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      16 Jun 2017

      The 18 Year Real Estate Clock Myth

      There’s been a lot of chat lately about the eighteen-year real estate clock. So much so, that it appears to be turning into an accepted truth about housing market performance.

      But is there really an eighteen-year clock? 

      The promoters of the eighteen-year cycle claim that Western economies exhibit an 18-year real estate cycle which averages out as 14 years up and 4 years down. This is eagerly accepted by Australian property investors because if the cycle exists, it means that housing markets won’t crash until fourteen years or more so have passed since the last crash during the Global Financial Crisis. So, they will keep rising in price until at least 2022.

      The proponents of this theory have studied the US housing market and according to their research, the Australian market closely follows the US. There is no doubt that USA housing markets as well as those in much of the Western World crashed in 2008-2010 in what has become known as the Global Financial Crisis. Eighteen years before that we had the “recession we had to have” in 1990 so there’s the eighteen-year clock in action, they claim.

      This is a classic case of believing what we want to believe, not what the facts tell us. The theory is actually a myth, because housing prices in Australia did not crash around 1990 or 2008. The graph below shows the aggregated Australian capital city annual house price changes since 1901[1] and the red arrows indicate the eighteen year intervals going back from the GFC when, according to the theory, each four-year period of price falls was supposed to have occurred.

      The graph shows that there has only been one period when around fourteen years of price rises were followed by four years of price falls in our entire history as a nation – which was during the postwar 1940s and 1950s. Furthermore, the picture is more complex than the graph suggests, because one city may be booming while another is correcting, such as we see now where Darwin and Perth are falling in price, Adelaide and Brisbane have had low growth while Melbourne and Sydney have been booming for several years.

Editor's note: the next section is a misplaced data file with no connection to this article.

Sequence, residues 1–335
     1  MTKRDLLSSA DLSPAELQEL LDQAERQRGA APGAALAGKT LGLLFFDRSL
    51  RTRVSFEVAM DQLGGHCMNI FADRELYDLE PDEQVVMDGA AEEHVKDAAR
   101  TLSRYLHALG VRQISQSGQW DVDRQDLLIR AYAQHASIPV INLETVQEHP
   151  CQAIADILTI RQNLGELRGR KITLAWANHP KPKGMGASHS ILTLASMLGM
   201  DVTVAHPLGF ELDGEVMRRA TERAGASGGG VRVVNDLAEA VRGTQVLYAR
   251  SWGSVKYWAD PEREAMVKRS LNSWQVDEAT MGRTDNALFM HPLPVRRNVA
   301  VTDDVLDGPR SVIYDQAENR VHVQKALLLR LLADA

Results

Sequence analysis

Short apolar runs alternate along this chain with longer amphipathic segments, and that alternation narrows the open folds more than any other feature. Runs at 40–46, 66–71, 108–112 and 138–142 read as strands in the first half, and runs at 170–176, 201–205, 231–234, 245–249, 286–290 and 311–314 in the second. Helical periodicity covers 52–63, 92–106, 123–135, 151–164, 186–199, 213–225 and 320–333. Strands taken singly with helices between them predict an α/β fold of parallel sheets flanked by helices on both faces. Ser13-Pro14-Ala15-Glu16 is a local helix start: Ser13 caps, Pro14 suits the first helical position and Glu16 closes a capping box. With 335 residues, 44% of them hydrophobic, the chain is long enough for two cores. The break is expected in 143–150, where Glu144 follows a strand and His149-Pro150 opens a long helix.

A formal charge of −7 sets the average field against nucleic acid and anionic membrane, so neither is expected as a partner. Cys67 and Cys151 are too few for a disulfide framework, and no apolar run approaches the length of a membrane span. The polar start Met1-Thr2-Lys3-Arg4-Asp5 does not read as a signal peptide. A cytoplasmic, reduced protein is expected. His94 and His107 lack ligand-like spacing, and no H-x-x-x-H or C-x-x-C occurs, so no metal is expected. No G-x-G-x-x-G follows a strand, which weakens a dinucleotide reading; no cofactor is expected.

Our housing markets dance to different tunes from overseas markets – in some years economic recessions, financial crises and wars in other parts of the world send huge numbers of immigrants to our largest cities so that our market booms when those overseas are crashing. At other times, we may have mining expansions, infrastructure projects or drought recovery which leads to housing market booms. Our nation is huge and diverse and there is nearly always a housing market boom occurring, or about to take place somewhere.

      The graph also shows that periods of actual price falls in our capital cities are rare occurrences. In the last fifty years, there have only been three years when prices fell slightly, and then they immediately recovered. This is because there is a rising demand for housing in our major capital cities which means that there is more or less a constant shortage of supply. This translates into price rises when finance is easy and cheap, or rent rises when housing finance is harder or dearer to obtain.

      These dynamics are what I call the three Ps – Population, Purchasing power and Places. It is the constantly changing relationship between them which determines where and when housing prices or rents are likely to rise or fall. Uninformed generalisations such as the eighteen-year real estate clock may offer hope to those who might otherwise expect an imminent crash in Sydney or Melbourne’s housing market. But, this hope is false, because the real estate clock does not work in Australia.

      [1]Australian aggregate capital city annual house price changes are derived from the following sources:

      Australian National Library’s on-line Trove facility

      Mitchell Library archives

      House Price Indexes, Eight Capital Cities, 6416.0 Australian Bureau of Statistics

      Housing Australia a Statistical Review, 1991, 1996 Australian Bureau of Statistics

      Stapledon’s Index (Stapledon, Nigel, Long Term Housing Prices in Australia, University of NSW